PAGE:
The plus side of going to a gym is that since you’re payig, you won’t be tempted to wus out. The bad side is that it costs money at all. Those fees can get expensive. Bally’s seems to always hae some good deals, but I’ve also heard good things about Crunch. Also, those Crunch fitness videos are neat-o.

Try to find a gym that (a) has towel service, (b) gives you the option of renting your own permanent locker, and © is open early enough in the morning to get your workout in before work. Trust me on this: These three things do wonders for maintaining consistency. Morning workouts are great because (a) you’ve got to take a shower anyway, so why not workout first, and (b) there’s damn little that can happen to you that early in the day to force you to skip the workout. A permanent locker of your own is great because you can stash your gym shoes, shampoo, etc. there, as well as a few days’ worth of shirts and such, to change into after you work out. Then most mornings you can just head over there without thinking about gathering your stuff together, or what to wear afterwards. It’s all about making the routine of working out as smooth as possible, which helps you to keep going.

In the last two years I’ve turned into a gym rat and I can offer the following tips to the other great stuff people have listed.

  1. You may need to try more than one gym. For this reason, try very hard to start with a month-to-month membership to see if you like it. All gyms have a different feel and dynamic. Don’t commit to a full year upfront. I started at one gym that was too crowded and switched to another.

  2. Variety is important. Don’t get stuck in a rut and I recommend working in outside activities during warmer months. Mountain biking is my choice.

  3. Fitness is a long haul. I’ve lost 30 pounds over two years while building up a much better body for myself and it can happen very slowly.

  4. Classes can be fun. I recommend Spinning because you completely control the resistance and workout while still being pushed/motivated. It also has almost no impact on the joints. It can be made very intense if you push hard (800 calories in an hour). Best of all, repeated visits to the classes has resulted in some friendships. They don’t extend outside the gym but just knowing people are expecting you and vice-versa makes an otherwise “socially odd”.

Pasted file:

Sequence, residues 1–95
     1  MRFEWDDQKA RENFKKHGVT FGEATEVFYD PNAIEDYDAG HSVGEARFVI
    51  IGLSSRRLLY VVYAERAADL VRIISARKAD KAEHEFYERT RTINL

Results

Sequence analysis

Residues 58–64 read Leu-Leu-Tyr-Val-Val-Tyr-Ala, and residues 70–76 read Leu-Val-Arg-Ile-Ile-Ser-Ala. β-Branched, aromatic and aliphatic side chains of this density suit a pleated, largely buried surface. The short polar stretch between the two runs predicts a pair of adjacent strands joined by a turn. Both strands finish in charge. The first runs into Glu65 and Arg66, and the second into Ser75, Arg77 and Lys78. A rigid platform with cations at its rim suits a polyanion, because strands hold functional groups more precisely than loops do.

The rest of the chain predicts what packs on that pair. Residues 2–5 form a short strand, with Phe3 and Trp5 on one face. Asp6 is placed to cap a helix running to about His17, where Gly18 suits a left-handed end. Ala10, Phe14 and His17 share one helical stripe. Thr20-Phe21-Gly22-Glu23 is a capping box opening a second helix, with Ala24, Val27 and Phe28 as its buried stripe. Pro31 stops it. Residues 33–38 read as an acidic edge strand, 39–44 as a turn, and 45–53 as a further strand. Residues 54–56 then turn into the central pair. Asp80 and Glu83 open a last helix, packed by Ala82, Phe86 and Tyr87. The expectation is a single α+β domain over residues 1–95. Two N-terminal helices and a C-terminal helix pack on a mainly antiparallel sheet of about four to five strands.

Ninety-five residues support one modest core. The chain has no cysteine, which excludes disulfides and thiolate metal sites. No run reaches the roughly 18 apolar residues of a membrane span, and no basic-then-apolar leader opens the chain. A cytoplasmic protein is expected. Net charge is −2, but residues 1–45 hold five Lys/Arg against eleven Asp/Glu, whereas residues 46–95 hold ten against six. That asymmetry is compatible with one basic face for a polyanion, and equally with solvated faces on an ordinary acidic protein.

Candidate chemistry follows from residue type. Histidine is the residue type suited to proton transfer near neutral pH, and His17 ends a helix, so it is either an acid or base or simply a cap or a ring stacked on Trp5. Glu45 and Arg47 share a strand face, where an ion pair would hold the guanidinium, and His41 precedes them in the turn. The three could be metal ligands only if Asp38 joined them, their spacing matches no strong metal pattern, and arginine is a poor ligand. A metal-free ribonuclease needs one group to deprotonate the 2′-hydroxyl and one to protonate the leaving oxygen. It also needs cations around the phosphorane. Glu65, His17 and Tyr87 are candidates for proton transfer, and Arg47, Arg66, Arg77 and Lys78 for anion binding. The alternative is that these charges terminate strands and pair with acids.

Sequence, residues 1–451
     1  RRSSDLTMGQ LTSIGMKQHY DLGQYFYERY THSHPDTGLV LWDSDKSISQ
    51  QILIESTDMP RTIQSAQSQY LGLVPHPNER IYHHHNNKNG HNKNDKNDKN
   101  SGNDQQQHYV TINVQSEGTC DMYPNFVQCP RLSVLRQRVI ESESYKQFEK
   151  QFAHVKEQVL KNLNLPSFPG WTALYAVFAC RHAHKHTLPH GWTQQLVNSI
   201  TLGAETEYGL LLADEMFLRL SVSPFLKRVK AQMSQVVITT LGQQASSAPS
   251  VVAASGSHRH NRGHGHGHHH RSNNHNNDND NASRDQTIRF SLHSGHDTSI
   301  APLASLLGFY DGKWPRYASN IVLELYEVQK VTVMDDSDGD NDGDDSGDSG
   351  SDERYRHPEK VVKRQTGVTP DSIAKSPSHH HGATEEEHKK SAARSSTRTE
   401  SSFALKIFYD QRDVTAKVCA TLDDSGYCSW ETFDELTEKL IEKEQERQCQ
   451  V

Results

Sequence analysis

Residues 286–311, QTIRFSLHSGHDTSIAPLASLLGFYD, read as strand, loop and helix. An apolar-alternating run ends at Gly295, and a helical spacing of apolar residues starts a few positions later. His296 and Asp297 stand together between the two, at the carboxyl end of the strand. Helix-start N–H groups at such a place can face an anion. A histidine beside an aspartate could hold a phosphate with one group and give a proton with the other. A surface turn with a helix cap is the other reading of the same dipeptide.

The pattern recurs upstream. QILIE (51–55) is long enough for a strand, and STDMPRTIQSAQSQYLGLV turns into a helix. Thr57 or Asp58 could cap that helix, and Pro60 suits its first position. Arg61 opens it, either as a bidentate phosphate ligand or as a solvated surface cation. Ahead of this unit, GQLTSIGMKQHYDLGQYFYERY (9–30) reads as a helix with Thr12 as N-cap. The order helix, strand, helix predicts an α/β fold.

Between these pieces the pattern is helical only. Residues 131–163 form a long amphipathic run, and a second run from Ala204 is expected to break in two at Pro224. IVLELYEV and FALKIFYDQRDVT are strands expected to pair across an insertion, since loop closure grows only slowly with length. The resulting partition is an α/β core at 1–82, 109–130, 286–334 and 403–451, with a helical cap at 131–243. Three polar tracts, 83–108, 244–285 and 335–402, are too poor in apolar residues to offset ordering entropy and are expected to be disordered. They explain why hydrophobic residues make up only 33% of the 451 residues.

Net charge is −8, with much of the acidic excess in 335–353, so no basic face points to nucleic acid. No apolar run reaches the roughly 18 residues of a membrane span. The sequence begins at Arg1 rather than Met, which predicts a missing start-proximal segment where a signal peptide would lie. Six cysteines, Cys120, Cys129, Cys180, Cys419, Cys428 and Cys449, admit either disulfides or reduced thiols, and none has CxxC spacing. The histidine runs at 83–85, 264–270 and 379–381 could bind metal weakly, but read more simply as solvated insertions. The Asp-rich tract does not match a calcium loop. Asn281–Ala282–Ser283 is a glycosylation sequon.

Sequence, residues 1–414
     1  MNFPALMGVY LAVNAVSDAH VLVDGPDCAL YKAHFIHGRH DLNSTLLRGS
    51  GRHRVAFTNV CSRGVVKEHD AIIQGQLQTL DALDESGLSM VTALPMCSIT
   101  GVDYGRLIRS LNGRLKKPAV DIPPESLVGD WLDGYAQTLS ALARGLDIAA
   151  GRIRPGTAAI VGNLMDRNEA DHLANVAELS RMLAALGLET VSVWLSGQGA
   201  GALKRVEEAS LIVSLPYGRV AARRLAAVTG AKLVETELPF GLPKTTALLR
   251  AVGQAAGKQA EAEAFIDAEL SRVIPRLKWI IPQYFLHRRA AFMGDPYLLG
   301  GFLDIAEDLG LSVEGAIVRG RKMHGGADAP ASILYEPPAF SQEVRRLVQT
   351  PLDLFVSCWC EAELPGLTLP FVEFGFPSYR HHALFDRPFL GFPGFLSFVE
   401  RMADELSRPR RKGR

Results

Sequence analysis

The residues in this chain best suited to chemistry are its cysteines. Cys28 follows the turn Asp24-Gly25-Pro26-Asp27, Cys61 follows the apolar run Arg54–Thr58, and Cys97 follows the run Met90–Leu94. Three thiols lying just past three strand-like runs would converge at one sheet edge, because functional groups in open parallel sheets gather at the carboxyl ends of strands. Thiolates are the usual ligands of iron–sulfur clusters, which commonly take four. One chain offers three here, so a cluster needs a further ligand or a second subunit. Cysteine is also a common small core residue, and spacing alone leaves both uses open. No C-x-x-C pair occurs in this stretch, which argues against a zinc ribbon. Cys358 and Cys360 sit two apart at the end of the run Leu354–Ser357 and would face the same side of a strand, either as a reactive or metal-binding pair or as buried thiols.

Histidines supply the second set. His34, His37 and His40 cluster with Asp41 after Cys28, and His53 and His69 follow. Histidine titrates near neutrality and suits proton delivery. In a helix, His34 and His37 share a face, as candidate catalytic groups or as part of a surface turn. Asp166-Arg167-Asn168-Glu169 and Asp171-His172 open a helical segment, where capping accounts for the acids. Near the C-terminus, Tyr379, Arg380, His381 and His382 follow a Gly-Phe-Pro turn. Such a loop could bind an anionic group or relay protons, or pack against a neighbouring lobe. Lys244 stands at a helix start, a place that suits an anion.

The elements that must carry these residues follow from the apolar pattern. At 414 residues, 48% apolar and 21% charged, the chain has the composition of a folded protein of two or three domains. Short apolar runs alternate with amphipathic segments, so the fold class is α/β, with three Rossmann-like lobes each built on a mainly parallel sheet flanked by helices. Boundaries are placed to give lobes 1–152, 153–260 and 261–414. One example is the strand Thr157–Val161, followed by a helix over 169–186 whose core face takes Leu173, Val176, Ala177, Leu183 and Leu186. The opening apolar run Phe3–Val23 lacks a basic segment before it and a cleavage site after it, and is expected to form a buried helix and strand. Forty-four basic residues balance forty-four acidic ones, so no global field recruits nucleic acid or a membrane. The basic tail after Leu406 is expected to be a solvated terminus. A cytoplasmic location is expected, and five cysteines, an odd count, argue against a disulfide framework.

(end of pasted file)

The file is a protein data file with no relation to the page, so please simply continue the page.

The only way to get into enough shape to jog without feeling like you’re gonna die is to jog. :slight_smile:

You may be surprised at just how activity-specific fitness is. Lifting weights at the gym will make you good at lifting weights at the gym; riding a bike will make you good at riding a bike; and running will make you good at running. That’s a bit of an oversimplification, cross training does occur (especially WRT aerobic activity), but to a MUCH lesser extent then you might think. For example, when I was a competitive cyclist I took up swimming on recovery days. I was in great shape for cycling, but I felt like I was gonna drown midway through the first lap. Likewise, when I started running (which I do now), I still followed a beginners program and slowly built up the miles, even though I was in good shape from cycling.

That said, you’d be surprised how quickly you can build up a basic level of running fitness (here’s a beginners program from Runner’s World). If you stick it out for a few weeks, your progress will be dramatic and noticeable…

First off, congratulations on the stopping smoking. This is probably the single best thing you can do to improve your health. I hope you are successful, and I wish you the best in this endeavor.

Next, here’s the SD (at least from my perspective here in San Diego) on gyms. There are basically two types of gyms: small, “mom and pop” type gyms and big chains.